Pill Bottles & Vials
Child Resistant Prescription Pill Bottles also referred to as Pill Containers, Pharmacy Bottles are designed to store medication. These pill containers come in three colors - blue, green, or amber (orange). The pharmacy pill bottles come with a "Push Down & Turn" design making it difficult for children to open, but easy for the elderly. The prescription pill bottles pass the 16 CFR 1700.20 - Testing procedure for special packaging which means they are classified as Child-Resistant. moisture is harmful to pills and some medications. These pharmacy bottles pass the 671 Containers - Performance Testing to ensure the medication is safe from moisture damage. The rx pill bottles pass 661.1 Plastic Packaging Systems and Their Materials of Construction which means the pill bottle should protect the pharmaceutical product, be compatible with the pharmaceutical product, and safe for use. If you have used up your medication and your bottle is empty, here is a great resource for some crafty ways to use empty pill bottles.
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The Fundamentals of Child Resistant Act Regarding Prescription Pill Bottles.
Here you can learn about the elements that are required to adhere to industry standards...
As children grow older, their curiosity does too. There has always been a constant risk with prescription pills. In the United States, there are more than 2 million poisonings reported each year. Roughly 90% is at home with cases of accidental poisoning of children from ingesting, inhaling or spraying medical products or chemical-based goods. By addressing this issue, the publication of child resistant pharmacy vials and pill bottles came into the picture.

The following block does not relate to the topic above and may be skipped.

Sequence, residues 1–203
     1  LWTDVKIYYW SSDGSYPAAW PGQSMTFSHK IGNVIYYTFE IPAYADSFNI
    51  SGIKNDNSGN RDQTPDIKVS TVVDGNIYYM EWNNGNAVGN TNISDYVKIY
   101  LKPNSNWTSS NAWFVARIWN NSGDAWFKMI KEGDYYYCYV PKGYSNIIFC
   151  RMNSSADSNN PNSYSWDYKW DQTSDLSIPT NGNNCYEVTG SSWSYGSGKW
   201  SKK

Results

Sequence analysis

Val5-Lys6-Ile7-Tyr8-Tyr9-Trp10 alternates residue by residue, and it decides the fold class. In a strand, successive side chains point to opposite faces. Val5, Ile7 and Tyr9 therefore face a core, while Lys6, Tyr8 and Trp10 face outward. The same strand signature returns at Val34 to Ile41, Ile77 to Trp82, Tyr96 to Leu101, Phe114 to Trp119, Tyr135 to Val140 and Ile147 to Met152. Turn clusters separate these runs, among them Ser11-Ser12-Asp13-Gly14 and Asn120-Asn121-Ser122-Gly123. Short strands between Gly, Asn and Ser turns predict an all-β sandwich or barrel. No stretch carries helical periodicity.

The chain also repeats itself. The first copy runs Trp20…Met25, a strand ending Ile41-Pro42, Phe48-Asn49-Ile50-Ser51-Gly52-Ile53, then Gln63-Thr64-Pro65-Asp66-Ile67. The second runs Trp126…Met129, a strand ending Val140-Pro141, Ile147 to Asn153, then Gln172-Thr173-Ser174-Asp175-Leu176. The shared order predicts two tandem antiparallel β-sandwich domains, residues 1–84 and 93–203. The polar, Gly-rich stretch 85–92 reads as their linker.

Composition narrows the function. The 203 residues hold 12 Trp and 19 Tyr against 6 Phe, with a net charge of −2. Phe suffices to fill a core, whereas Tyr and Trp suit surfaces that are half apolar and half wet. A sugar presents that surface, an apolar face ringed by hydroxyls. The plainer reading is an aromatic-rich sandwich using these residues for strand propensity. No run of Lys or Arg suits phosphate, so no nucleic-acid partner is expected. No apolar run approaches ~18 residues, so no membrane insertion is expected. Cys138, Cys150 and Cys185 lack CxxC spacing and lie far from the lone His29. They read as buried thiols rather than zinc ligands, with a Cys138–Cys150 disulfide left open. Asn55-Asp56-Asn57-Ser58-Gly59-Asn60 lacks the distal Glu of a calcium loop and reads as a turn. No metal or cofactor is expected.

Addressing the Pressing Issue with Prescription Bottles
There is a lot of products in homes that are toxic and dangerous to children. Each year, reports are released about children dying from severe injury due to being exposed to products left unsecured in medicine bottles. With this, the Consumer Products Safety Commission introduced the Prevention Packaging Act. Also known as Special Packaging, the Child Resistant Packaging Act says appropriate packaging should be significantly difficult for children under five years of age to open hazardous or toxic amounts of materials in the vials from pharmaceutical companies. Note that such an act does not mean that children won't be able to open the packaging at all. It simply provides a means to help save children from the toxic or harmful substances contained in vials and pill bottles.
When and Why Pharmacy Vials are Required to Follow the Act
Prescription drugs as well as other chemical conditions are required to follow the act in order to keep away children from potential harm as well as toxic they may pose.
Regulations Covered in the Act
The regulations covered in this act are based on protocols noted under performance tests with children. This is for the purpose of determining whether or not the packages may be opened by a child. Recently, there have been additional testing to determine if older people, including those with disabilities, can to open the same package. In most cases, CR requirements are assessed by package closures requiring two dissimilar motions for opening the product. To guarantee the quality of the packaging, hundreds of designs are being considered to decide which is best for completing the job.
Although this act has proven to be helpful in terms of keeping children safer, it is still a necessity for parents, as well as adults, to look after them and to keep the pill bottles out of reach children. The act is simply a step designed to prevent children from encountering troubles with substances. However, this does not mean that the act would totally save them from harm.